THE CONDENSED MILK INCIDENT (Updated)

All through this project I’ve struggled with the leftover toast crumbs of memory, and done my best to bring them to life without embroidering or otherwise writing actual fiction. But now that the project is winding down I thought it might be interesting to compare the things about a story that I remember with what was really going on. And since this story is about my mum, I asked her to provide the explanatory details.

WHAT I REMEMBER

Mum, furious, chasing after me, yelling, armed with a broom. Red country dust everywhere. Caravans. I was running for my life, but laughing. I had just been extremely naughty, eating an entire tin of Nestlé Condensed Milk despite being expressly told not to touch it. I ate the whole thing and it was yummy, and I went and found Mum and told her I did it, laughing. Then the chase, all through the caravans parked everywhere. I was very little, and could really run. Mum, only in her 20s, could run, too, and she was coming for me, and it was hilarious to see her run like that and I was laughing.

THE REAL STORY

It was 1966, I was three years old, and I was an evil, wilful swine. Mum often talks, even these days, about how I would get a “look” in my eyes, and I would do these awful things, apparently for sport and enjoyment–the enjoyment of seeing my parents and especially my mum upset and angry. And on this occasion she was more angry, and more determined than at almost any other point in our relationship since. She talks about the Condensed Milk Incident the way you might talk about a creation myth. This is where our relationship became what it became, and where our characters were forged.

We were staying in a work camp near a spot in the middle of nowhere called Koolyanobbing, a place that wasn’t really a town so much as a place to park mining equipment. It had a general store, of sorts, where you might, possibly, on a good day, obtain some of the things you needed. For proper shopping you needed to drive forty miles over gravel roads to the town of Southern Cross, which had the nearest pub. I remember this camp for its red dirt, Ektachrome blue skies that went on forever, tiny white caravans, and giant yellow machines.

The government was installing one of the great infrastructure projects, the Standard Gauge Railway. Up this point each state had its own crazy ideas about rail gauge. To send something across the country you would have to unload and reload onto new rolling stock every time you crossed a state line. Fortunately, we don’t have many of those.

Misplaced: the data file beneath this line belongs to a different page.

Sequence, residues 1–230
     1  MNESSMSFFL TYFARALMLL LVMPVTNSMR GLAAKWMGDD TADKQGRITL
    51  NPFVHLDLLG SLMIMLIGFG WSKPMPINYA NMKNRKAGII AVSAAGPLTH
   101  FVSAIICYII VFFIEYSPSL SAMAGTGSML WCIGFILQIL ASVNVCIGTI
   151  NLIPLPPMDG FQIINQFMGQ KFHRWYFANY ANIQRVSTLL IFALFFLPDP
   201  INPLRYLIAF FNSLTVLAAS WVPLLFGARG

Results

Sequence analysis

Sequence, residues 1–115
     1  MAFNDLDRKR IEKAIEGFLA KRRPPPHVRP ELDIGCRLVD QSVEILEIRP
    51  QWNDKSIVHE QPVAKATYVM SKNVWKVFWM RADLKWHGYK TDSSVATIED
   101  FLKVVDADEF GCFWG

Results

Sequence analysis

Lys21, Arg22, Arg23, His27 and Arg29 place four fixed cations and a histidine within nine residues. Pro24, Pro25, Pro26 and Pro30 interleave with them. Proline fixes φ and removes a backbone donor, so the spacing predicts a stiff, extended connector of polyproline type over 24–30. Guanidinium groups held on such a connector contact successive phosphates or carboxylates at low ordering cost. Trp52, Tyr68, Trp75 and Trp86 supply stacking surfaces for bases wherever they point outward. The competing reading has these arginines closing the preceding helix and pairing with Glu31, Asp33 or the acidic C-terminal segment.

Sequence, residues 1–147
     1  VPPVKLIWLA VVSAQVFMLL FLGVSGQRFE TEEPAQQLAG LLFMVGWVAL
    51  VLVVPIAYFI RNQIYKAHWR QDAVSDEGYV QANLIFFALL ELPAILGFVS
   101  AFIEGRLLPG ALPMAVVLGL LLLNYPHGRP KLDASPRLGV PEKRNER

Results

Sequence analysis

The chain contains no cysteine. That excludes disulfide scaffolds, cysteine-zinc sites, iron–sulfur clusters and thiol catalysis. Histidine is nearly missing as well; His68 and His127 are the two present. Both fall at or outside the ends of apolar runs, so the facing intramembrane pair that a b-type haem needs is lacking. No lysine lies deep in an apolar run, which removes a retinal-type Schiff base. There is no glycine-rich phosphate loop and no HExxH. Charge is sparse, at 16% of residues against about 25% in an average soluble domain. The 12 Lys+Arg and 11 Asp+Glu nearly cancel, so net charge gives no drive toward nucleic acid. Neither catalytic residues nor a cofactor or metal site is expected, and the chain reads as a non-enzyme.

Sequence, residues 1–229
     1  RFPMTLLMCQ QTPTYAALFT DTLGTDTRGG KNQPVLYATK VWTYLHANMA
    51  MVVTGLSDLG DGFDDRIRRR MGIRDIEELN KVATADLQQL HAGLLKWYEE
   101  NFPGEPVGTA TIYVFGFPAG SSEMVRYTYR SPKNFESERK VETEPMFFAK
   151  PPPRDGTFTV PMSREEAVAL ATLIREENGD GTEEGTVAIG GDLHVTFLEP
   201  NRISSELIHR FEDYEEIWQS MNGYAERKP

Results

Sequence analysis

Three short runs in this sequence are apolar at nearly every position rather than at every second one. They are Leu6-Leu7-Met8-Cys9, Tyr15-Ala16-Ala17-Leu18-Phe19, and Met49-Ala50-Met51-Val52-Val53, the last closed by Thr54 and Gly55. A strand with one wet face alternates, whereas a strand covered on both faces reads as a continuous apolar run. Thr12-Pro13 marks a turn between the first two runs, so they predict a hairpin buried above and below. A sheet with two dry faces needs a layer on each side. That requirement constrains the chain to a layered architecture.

It was a huge job, and they needed people to do all kinds of work. My dad was employed as a mechanic, whose job was to look after, repair and maintain the giant yellow machines during the freezing cold nights so they’d always be ready to go during daylight hours.

We all lived in the makeshift caravan park nearby, in a caravan Mum says was only ten feet long. Imagine two and a bit people squeezed into such a tiny space, where the weather was either screaming hot without a breath of breeze, or freezing cold. And my mum and dad had me, a chubby little brown-haired bundle of chaos, living with them.

Living there was extraordinarily difficult. One of the main difficulties was getting supplies to live on, which meant somehow getting to either Koolyanobbing and hoping the sketchy shops there had what you needed, or making the arduous dusty gravelly journey to Southern Cross, where they probably had what you needed. Then you just needed to get it all back to the caravan, and hope the power stayed on.

One of most essential items to get was milk. I am assuming the fridge in a ten-foot caravan would be frustratingly small, and that would be why Mum and Dad relied on tinned condensed milk that you could keep at room temperature on a shelf in a cupboard.

Now my dad was working his guts out all night long, in the bitterest cold, on these immense machines, trying to keep them running. Mum would often take him a big hot meal in the middle of his night-shift, to make sure he ate well, and to give him some company. And when he got home to the tiny caravan, a place to live so small it was less like stepping inside, and more like pulling it on, like a jumper–he would want a cup of tea, and he would want milk in that tea.

But NestlĂ© Condensed Milk was wonderful. It was so thick, and so sweet. It was perfect. It was made for me. I could not keep my hands off it, which had to trouble in the past. Dad would come staggering in after a brutal night on the machines (and I have heard stories of how it was unbearable work, both because of the cold but also the isolation and loneliness, which must have done Dad’s illness no end of harm), and he’d want a cuppa. But what’s this? There’s no milk? Adrian ate all the milk–again? Despite all the Talks we’ve had about not doing that?